Badlands National Park has a variety of facilities along our roads and trails to facilitate safe and convenient experiences in the park.
Ameneties: vault toilets, picnic benches, and horse corral.
The Sage Creek Campground is a primitive campground nested within a low valley in the wilderness area. Prairie dogs are present in the area and Bison can occasionally be found wandering through the campground. Horseback riding is allowed in the park for people who can bring horses, but this campground has the only accessible corral. Trails are visible throughout this area, but they are not developed or maintained by the park. These are game trails made by Bison. You are free to explore the area using these trails, but please maintain good safety practices if Bison are in the area.
This area is where the Badlands disappear. The formations that make up the White River Badlands have already eroded away, with the exception of a few hilltops with remnants of the Chadron Formation (Eocene Epoch, 37.0-33.7 million years ago). The surrounding hills of rolling prairie are comprised entirely of marine deposits from the Late Cretaceous Period (approximately 72.0-69.0 million years ago). The Pierre Shale is a dark gray to black sediment that is the most abundant in the immediate area. Above the Pierre, is the brown to yellow beds of the Fox Hills Formation. These two units represent the Western Interior Seaway, which bisected North America from the Arctic Ocean to the Gulf of Mexico. The most common fossils that have been discovered in these units include clams and various shelled relatives of squid and octopus.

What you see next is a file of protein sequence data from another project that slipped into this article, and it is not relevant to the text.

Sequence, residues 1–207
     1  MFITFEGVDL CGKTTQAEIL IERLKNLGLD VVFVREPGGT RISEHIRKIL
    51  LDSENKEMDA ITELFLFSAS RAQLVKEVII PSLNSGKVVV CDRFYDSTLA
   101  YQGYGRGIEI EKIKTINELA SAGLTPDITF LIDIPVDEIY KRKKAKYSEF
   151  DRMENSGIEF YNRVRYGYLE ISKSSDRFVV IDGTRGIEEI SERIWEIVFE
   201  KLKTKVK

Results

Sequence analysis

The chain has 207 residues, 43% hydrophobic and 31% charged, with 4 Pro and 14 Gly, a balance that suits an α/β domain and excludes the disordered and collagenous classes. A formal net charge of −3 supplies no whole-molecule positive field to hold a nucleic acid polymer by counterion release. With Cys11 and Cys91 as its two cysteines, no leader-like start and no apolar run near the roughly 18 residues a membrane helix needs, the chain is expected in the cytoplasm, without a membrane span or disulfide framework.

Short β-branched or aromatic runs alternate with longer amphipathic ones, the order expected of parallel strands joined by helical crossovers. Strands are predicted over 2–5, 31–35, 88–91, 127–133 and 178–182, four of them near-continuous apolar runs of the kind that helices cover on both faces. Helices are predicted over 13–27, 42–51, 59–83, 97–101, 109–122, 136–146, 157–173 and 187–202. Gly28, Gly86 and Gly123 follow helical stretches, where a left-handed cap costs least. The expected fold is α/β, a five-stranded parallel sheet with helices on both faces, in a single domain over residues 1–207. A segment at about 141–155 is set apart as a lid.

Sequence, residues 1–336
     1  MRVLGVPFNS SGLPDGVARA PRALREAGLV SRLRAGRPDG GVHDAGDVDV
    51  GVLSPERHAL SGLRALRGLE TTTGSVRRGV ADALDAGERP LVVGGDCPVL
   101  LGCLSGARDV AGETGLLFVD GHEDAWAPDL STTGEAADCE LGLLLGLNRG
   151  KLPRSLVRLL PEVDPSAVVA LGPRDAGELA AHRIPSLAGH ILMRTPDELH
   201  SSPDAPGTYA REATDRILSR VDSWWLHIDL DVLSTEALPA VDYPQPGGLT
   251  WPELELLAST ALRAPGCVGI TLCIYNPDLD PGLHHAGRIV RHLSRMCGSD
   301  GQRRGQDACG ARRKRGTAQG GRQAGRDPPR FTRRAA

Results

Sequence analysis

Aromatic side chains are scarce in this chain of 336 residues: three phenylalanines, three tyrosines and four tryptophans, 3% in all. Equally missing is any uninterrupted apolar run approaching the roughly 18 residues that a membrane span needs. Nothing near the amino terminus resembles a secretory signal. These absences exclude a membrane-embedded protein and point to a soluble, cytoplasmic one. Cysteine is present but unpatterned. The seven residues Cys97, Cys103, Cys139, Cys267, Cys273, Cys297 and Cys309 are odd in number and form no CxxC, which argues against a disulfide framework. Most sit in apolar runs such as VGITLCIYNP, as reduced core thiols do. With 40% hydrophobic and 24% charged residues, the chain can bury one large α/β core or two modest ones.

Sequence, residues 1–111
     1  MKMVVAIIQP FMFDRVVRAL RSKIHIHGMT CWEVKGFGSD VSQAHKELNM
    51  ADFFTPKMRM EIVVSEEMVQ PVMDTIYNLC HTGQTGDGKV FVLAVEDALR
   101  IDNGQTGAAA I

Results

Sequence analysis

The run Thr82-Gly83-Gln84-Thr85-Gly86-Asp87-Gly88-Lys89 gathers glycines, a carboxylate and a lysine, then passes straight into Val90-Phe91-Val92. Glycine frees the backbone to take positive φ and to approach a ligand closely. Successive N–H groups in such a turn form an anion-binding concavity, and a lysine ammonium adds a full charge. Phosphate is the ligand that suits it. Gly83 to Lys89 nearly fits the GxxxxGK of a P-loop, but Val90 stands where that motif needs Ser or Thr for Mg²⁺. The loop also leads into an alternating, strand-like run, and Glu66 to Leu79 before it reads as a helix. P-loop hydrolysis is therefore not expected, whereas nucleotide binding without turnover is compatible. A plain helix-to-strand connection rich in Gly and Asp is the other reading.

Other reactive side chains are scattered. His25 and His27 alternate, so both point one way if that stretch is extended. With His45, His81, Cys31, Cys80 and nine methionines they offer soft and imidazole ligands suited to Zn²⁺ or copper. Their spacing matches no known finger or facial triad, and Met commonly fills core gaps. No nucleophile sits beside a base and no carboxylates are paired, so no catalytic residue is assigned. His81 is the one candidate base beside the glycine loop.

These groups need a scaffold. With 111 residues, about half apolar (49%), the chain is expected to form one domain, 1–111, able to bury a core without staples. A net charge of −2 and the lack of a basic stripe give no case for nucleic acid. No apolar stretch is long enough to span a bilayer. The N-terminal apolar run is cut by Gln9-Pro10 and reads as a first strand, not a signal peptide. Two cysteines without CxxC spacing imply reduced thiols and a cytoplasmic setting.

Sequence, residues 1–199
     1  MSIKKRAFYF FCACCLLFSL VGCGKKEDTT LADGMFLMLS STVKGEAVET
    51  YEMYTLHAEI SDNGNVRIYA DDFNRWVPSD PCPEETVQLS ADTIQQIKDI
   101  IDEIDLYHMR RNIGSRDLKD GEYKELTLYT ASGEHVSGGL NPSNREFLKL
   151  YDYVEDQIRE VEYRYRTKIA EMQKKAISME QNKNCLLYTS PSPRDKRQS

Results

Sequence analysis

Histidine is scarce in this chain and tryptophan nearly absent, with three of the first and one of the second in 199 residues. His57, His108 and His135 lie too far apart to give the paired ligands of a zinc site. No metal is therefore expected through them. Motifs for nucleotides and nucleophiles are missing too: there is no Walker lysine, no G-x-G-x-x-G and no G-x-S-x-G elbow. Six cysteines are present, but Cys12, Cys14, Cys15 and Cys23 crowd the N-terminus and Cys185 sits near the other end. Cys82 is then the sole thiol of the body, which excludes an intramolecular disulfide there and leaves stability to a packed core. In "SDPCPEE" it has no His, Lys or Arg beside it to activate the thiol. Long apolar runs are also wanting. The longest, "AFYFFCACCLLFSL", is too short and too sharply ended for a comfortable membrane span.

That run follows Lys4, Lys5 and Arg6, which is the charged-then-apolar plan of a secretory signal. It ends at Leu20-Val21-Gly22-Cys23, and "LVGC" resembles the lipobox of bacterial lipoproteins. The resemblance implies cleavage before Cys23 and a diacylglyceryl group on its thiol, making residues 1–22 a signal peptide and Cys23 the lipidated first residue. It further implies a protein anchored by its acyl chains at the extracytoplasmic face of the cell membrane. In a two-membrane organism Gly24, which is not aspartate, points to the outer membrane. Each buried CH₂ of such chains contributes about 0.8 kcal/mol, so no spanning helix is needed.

The Cedar Pass Campground is one of two campgrounds in the park, the other being Sage Creek Campground. Unlike Sage Creek Campground, Cedar Pass Campground is the only campground with access to running water and electricity. The Winter or Group Loop is accessible to visitors year-round. The main campground is open seasonally, following the schedule of the Cedar Pass Lodge. Arrangements for camping can be made through the Cedar Pass Lodge and Campground.
The Amphitheater, located on the north side of the Cedar Pass Campground, is where nightly ranger programs are conducted on various subjects that focus on the park and its resources. Special events, such as guest speakers and concerts, can also happen here. However, one of the biggest draws to the Amphitheater is the Night Sky program. Astronomy rangers provide a tour of one of the best dark skies in the National Park Service. Visitors can ask questions, learn more about the galaxy, and view telescopes pointed at celestial objects like planets.
Ameneties: Vault toilets and picnic benches.
The Conata Picnic Ground is one of the more remote rest stops, just off Highway 240. Vault toilets and picnic benches are available. This area is also fairly easy to explore on foot. The west side of the parking lot hosts the Deer Haven trailhead.
This area is also where visitors Steve Gasman and Jim Carney reported a fossil find in in 1994. Their initial find would later become the Big Pig Dig, the excavation of a bone bed which would last 15 years.
Operation Schedule: Seasonally, from mid-April to mid-October